HVAC technicians are exposed to hazards such as deadly chemicals, unprotected wires, sharp tools and toxic inhalants on a daily basis. As a result, these employees have one of the highest rates of injury and illness among blue-collar workers. Safety is an important part of the job, and technicians should always be aware of the various elements in their surroundings.
Below are five safety tips on how to prevent an injury or illness while on the job as an HVAC technician.
- Fully assess the situation before taking action.
Whether your job requires you to travel to a school, local residence or commercial building, always evaluate your surroundings. Identifying potential hazards within the HVAC system and its location will prevent accidental slips or direct exposure to a hazardous chemical. Rushing into a job that seems familiar or routine leaves room for error. Once you are able to assess your current situation, your chances of injury or exposure to chemicals decreases.
- Wear protective gear.
Exposure to contaminants and other hazardous materials are not uncommon occurrences in daily HVAC duties. These contaminants can take a variety of forms, and proper gear must be worn. Slip-resistant shoes will prevent you from falling when floors become slick, and arm protectors and gloves protect against cuts from materials such as glass shards. Respiratory masks are another form of protection that are essential when working in this field. An HVAC safety manual will clearly list all types of protection that are available.
- Handle chemicals with caution.
The chemicals that HVAC technicians come into contact with on a daily basis can be quite dangerous. Basic protective gear can keep out small spills, but any uncovered skin is left vulnerable. Using extra caution when mixing, pouring or storing chemicals can save you a hectic trip to the emergency room. Thoroughly reading any caution labels and ingredients lists will help to prevent unnecessary contact with chemicals when performing HVAC duties.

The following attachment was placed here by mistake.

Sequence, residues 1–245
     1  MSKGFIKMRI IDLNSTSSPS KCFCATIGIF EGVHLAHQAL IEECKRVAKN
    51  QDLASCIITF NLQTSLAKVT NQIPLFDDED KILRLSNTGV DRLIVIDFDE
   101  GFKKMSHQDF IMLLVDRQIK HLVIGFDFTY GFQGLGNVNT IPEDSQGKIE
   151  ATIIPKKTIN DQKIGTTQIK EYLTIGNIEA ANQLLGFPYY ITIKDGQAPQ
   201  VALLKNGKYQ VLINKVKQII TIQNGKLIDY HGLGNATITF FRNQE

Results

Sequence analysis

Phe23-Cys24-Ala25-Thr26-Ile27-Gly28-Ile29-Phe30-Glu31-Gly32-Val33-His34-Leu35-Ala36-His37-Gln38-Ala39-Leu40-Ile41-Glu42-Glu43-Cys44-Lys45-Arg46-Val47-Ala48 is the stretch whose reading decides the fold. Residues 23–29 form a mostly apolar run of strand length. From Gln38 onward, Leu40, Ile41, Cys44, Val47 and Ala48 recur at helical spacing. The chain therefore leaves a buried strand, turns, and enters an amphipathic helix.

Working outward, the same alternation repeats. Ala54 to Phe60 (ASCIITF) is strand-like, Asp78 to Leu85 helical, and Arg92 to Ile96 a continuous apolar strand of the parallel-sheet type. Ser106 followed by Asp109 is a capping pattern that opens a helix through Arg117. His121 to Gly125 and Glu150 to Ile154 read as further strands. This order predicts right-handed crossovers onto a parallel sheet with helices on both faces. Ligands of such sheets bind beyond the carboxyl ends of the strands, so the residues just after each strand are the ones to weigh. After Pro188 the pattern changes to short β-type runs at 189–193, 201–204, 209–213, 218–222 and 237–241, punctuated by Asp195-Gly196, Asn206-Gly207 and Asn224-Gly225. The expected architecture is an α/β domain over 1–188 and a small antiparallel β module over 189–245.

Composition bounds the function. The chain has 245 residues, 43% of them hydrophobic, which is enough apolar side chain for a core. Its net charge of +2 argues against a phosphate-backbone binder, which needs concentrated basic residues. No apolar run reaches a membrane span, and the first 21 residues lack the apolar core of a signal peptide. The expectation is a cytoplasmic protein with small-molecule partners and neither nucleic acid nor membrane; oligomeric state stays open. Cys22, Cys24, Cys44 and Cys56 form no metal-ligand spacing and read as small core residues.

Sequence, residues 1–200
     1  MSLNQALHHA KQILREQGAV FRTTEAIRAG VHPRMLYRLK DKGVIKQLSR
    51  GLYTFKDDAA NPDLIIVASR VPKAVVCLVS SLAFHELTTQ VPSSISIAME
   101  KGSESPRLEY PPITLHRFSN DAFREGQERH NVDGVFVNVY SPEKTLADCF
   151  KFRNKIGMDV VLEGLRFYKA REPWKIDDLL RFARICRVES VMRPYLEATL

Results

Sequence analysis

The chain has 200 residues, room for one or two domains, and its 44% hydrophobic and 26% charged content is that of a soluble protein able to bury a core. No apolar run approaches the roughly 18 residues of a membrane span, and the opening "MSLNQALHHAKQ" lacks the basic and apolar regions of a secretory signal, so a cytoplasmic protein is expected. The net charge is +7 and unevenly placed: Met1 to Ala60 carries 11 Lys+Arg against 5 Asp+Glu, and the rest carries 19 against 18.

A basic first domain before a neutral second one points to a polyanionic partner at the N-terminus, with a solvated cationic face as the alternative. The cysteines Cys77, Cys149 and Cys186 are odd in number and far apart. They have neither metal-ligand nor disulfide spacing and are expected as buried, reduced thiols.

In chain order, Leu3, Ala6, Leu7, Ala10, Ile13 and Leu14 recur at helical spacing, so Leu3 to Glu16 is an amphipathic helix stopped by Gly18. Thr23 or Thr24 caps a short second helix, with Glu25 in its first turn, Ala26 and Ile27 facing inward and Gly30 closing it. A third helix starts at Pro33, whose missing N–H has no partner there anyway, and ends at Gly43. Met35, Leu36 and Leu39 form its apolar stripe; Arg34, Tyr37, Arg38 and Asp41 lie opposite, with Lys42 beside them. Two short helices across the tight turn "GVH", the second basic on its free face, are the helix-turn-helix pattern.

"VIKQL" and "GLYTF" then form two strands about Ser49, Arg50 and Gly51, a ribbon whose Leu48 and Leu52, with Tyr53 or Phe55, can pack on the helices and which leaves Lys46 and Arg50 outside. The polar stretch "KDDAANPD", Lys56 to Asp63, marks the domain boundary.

- Use tools that are safe and up-to-date.
An HVAC technician’s tools are a vital part of his or her daily job requirements, and because they are used so frequently, they often need to be replaced. When tools become worn or are not working properly, replacements should be purchased to decrease your chance of injury. A full assessment of your equipment should be performed before and after a job is complete.
- Identify yourself as either an independent contractor or employee.
The difference between an independent contractor and an employee could be the difference between not receiving and receiving workers’ compensation benefits should you become injured on the job. Workers oftentimes assume they have workers’ compensation coverage only to find out when they are injured, that since the employer has classified them as an independent contractor, their workers’ compensation claim is denied. That’s why it’s so important to know the difference yourself and to question your employer if you’re unsure.
In this line of work, safety should be a technician’s first priority. Each system that is being disassembled differs from the amount of dust and debris to the chemicals within. Wearing protective gear at all times, assessing the surrounding environment and using up-to-date tools will help prevent a trip to the emergency room while performing HVAC duties.
HVAC technicians take on a variety of roles while on the job and being prepared this summer will prevent a serious injury from occurring in the workplace.
If you or a co-worker was injured while on the job at no fault of your own, contact KBG Injury Law to get the Results You DeserveÒ.
The personal injury attorneys at KBG Injury Law are all experienced litigators. Almost all of them represented insurance companies prior to becoming advocates for injured people, which provides them with a unique perspective and insight into how these companies operate. They also offer extensive courtroom experience if going to trial is the best legal alternative for the client.